By Will Stevenson
I am the youngest sibling. I didn’t have any older brothers that I was close to, but I did have an older sister. We had our rivalries when we were young and up through high school. I was four years younger, so of course I was a pest and also the “chosen” one to our parents. When I say chosen, I don’t mean nominated for the throne, but more of the notion that I wouldn’t be antagonized as much as she was. We were not a rich family, nor did we have a family business to fall back on, so separately we both had to make our own way in this world. We had our struggles early on, but as we grew older we learned to depend on each other and learn from each other’s mistakes while growing closer as a unit. Our views are vastly different: Her staying and thrive in Christianity while I have left religion in the past, but we have yet to cast each other aside because of our differences. I said all that to say this: We are not the Buss Family!
After Dr. Jerry Buss passed, the Lakers franchise was at an impasse: Kobe was getting older, Bynum was breaking down, Gasol’s free agency was coming and Phil Jackson was not with the organization. Jim Buss decided to take an approach with the fans that I still find questionable and to this day I don’t understand why he let us know. He told us that if the Lakers did not reach the playoffs or made winning strides, he would resign at his position of decision-making in the Lakers front office. It seems like it was his decision, or maybe it was orchestrated by Jeanie Buss herself, but it still put pressure on he and his job. Maybe Buss thought he could get out in front and ingratiate himself with the fan base, or gather some pity, or something, but as we all know that did not work out so well. Jim is gone, Mitch is gone and Magic is in. To say the least, that’s not even the kicker of the Buss saga.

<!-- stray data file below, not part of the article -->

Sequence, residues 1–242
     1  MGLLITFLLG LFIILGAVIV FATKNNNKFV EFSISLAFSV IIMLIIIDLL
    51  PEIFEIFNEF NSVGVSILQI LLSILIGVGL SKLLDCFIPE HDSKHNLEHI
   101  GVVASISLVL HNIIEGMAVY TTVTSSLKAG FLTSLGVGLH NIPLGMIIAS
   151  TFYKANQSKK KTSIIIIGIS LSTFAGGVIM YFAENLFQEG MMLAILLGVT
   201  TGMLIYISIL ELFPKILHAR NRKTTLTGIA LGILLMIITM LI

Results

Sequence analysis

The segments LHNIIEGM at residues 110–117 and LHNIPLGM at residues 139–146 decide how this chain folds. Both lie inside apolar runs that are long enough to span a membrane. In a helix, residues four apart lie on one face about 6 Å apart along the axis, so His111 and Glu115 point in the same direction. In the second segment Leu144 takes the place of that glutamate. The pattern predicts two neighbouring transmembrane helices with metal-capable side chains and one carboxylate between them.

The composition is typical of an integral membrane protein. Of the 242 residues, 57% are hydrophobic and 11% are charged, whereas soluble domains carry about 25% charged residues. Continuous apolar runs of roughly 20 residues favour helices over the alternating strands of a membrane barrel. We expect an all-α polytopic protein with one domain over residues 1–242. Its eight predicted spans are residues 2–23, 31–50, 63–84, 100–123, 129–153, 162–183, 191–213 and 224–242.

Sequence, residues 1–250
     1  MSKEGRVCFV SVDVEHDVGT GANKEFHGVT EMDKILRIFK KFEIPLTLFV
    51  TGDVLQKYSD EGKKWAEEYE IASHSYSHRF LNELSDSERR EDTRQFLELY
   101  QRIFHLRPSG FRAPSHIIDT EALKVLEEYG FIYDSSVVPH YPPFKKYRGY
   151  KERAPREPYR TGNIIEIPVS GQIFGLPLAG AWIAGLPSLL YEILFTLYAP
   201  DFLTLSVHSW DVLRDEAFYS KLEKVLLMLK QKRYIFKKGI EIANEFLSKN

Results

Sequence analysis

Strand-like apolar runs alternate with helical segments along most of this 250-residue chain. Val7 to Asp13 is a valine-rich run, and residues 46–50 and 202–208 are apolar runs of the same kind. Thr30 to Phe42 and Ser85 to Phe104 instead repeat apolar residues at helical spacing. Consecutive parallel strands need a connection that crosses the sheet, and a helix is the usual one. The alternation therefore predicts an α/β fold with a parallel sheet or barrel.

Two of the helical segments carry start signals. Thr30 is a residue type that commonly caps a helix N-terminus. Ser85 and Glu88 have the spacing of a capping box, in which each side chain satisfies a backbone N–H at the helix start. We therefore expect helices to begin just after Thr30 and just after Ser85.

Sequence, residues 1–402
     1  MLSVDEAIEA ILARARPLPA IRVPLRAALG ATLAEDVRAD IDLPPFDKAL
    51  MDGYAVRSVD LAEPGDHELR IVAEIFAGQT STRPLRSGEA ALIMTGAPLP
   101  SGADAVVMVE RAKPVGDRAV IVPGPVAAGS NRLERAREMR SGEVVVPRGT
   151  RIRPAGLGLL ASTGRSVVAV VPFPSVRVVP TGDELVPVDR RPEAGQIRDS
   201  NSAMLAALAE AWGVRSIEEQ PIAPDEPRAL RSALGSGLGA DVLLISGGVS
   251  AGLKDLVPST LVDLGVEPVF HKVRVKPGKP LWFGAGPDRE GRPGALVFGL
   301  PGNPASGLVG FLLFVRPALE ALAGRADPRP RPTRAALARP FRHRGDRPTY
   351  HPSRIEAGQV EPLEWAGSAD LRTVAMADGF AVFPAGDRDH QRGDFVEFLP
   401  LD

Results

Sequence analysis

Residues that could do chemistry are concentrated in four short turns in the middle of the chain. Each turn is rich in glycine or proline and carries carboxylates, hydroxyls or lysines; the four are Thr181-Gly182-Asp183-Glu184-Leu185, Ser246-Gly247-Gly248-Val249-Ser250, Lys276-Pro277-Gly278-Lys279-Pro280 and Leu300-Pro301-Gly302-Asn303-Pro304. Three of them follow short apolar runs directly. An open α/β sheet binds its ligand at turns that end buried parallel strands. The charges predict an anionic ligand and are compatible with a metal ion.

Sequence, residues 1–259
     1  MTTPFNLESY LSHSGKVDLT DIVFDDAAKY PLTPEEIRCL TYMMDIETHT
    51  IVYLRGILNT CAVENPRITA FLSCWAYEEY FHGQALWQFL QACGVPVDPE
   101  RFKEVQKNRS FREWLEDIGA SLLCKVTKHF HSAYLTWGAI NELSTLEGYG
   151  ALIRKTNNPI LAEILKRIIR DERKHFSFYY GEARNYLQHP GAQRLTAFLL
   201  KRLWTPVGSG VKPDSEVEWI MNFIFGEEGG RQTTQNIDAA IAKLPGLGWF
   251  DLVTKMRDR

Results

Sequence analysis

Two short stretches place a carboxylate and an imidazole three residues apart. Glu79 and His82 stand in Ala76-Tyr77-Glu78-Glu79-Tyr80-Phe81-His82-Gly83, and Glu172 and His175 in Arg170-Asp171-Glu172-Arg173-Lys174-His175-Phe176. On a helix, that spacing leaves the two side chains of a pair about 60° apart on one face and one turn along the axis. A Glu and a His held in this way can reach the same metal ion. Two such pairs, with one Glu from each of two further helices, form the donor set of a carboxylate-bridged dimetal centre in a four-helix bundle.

It seems as if Jim and Johnny Buss, Jeanie’s two older brothers, have attempted to kick Jeanie out of the Lakers trust, literally and figuratively. Now, Jim Buss is receiving 10 million dollars a year for his “severance pay” from the organization, so most would gladly take that money. Would you? Would you be happy with that money knowing that you have failed at running your father’s team? Think about it for a moment: The family business is the Buss family running the Lakers, and you are now kept from running or being involved in the decision-making process. Could you handle that? Jim can’t face the world in suits and a baseball cap with a scruffy beard. Jim has to live with the fact that he has been fired by his younger sister, and with me being a younger brother, nobody wants to have that on their resume whether it is in secret, or in public. With there being six Buss siblings with stakes in the team and voting power, they would need four siblings to hop on board to thwart Jeanie’s role as president and controlling stake in the team.
I wonder how Secret Santa would work with the Buss family.